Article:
I remember the first time he actually asked me for something. Isn’t that crazy? What parent can say that. It was his last trip to Target. It was well over a year ago. I was pushing him manically through Target, all 70 pounds of him in the shopping cart, waiting for the meltdown that always happened. And he pointed to the DVD, Cars. He screamed. He jumped (in the cart). He smiled.

I handed it to him and said, ‘do you want this?’ And with a clear as day sound he said yes.

And just like that, we spent the next two months watching Cars.

It was the best $19.99 I’ve ever spent.

Today, Cooper is seven. It’s a bit better now. He still doesn’t ask me for toys or trips. There is no watching cartoons and asking for action figures. Or the latest Nerf Gun. Or to go see a movie.

He is still technically nonverbal. He has no spoken words. But he does communicate with his speech device, sounds, and sign language.

He does ask me for a few different things, repetitively. And I can’t even begin to tell you how special they are to his father and I. We would give him anything he asked for. If he’d only just ask.

Whenever a request is made, and I mean whenever, no matter how small, or how big, we acknowledge them. We smile. We answer.

We do this because we know how hard we worked to get them. And that they might go away.

His favorite requests are….

Every single day he points to the door and makes a choo choo sound. He is telling me that he wants to go to Duluth, MN and see Thomas the Train.

Every single day he asks me to throw him a party. He wants his grandparents to come too. He wants ‘party, presents, cake, balloons.’

He asks me to go swimming and to go in the boat. Even if it’s mid-December in Minnesota.

He asks me for help when he needs it.

He tells me he wants Santa to shoot off the fireworks this year. And he wants a Christmas Tree.

He asks his therapists every single day for me. Which melts my heart more than I can ever tell you.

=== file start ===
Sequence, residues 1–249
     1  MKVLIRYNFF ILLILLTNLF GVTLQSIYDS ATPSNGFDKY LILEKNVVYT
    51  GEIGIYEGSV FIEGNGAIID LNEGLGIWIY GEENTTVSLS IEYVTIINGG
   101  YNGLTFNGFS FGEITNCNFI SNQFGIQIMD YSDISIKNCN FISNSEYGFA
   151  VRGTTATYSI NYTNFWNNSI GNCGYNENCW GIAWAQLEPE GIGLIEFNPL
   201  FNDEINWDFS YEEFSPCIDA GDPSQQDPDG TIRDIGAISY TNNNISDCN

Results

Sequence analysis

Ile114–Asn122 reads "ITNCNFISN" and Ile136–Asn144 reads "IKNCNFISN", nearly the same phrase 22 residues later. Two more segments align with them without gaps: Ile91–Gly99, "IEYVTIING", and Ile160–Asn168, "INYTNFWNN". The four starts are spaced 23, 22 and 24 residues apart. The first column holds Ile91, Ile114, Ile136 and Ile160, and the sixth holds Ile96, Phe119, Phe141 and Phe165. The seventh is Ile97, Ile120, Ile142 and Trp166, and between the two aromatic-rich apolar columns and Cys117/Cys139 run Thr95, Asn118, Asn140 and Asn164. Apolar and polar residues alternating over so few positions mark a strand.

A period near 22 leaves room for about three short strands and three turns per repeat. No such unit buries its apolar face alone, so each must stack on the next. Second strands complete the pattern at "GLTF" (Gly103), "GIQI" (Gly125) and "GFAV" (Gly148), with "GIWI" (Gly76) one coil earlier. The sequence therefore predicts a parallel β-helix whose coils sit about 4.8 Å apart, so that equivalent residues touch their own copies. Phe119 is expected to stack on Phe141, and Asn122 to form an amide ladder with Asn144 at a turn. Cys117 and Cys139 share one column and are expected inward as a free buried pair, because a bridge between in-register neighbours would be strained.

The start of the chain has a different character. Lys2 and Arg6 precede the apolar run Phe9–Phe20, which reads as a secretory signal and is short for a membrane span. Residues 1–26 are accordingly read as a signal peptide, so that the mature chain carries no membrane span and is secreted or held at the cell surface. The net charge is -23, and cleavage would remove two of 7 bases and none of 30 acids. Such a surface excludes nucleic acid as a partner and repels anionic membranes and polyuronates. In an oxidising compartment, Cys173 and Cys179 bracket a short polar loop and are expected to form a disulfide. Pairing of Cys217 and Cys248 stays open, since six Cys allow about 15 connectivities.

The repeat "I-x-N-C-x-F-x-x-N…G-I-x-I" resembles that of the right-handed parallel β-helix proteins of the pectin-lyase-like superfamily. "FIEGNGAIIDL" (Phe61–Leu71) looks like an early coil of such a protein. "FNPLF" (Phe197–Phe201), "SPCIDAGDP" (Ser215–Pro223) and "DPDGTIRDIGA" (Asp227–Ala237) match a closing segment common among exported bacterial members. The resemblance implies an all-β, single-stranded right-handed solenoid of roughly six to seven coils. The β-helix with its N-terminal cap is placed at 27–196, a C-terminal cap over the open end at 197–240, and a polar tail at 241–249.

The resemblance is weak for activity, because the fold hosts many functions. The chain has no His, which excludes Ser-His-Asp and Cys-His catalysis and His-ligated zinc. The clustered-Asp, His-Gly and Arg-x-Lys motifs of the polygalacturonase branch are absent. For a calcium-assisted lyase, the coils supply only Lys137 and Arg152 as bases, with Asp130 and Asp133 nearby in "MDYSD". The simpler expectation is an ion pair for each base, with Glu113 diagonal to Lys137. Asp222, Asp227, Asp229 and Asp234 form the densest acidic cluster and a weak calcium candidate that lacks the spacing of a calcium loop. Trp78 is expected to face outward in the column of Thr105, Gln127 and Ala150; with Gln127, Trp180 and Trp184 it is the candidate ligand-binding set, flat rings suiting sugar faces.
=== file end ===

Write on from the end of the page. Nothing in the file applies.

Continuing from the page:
He demands that I find his favorite videos on YouTube.

He tells me what he would like to eat. And drink. And wear that day.

Some people laugh when I share the random requests that Cooper has for us. Boat rides in December, Santa shooting off fireworks and birthday parties year round. Little do they know, I will most likely make them happen. Jamie and I will kill ourselves to give him what he asks for.

Because, when has asks, we know it’s something he really wants. And we will give him the world because he let us into his…even if just for a second.

Finding Cooper’s Voice is a safe, humorous, caring and honest place where you can celebrate the unique challenges of parenting a special needs child. Because you’re never alone in the struggles you face. And once you find your people, your allies, your village….all the challenges and struggles will seem just a little bit easier. Welcome to our journey. You can also follow us on Facebook and subscribe to our newsletter.

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Finding Cooper's Voice is a safe, humorous, caring and honest place where you can celebrate the unique challenges of parenting a special needs child. Because you're never alone in the struggles you face. And once you find your people, your allies, your village....all the challenges and struggles will seem just a little bit easier. Welcome to my page!

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When my son was first diagnosed with autism no one was talking about it. Autism was hidden. I vow to change that.